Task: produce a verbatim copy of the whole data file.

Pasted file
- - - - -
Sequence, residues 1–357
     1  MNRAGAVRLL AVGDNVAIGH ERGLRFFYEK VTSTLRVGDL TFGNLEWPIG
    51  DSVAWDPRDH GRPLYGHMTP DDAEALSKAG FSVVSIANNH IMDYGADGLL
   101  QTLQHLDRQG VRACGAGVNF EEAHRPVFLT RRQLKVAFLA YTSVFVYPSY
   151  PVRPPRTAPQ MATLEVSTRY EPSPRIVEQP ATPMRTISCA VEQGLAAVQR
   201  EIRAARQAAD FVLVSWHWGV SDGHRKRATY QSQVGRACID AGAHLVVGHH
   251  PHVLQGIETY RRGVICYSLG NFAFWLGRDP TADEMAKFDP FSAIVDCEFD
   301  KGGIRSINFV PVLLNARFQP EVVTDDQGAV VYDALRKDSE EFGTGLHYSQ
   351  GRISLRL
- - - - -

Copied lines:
Sequence, residues 1–357
     1  MNRAGAVRLL AVGDNVAIGH ERGLRFFYEK VTSTLRVGDL TFGNLEWPIG
    51  DSVAWDPRDH GRPLYGHMTP DDAEALSKAG FSVVSIANNH IMDYGADGLL
   101  QTLQHLDRQG VRACGAGVNF EEAHRPVFLT RRQLKVAFLA YTSVFVYPSY
   151  PVRPPRTAPQ MATLEVSTRY EPSPRIVEQP ATPMRTISCA VEQGLAAVQR
   201  EIRAARQAAD FVLVSWHWGV SDGHRKRATY QSQVGRACID AGAHLVVGHH
   251  PHVLQGIETY RRGVICYSLG NFAFWLGRDP TADEMAKFDP FSAIVDCEFD
   301  KGGIRSINFV PVLLNARFQP EVVTDDQGAV VYDALRKDSE EFGTGLHYSQ
   351  GRISLRL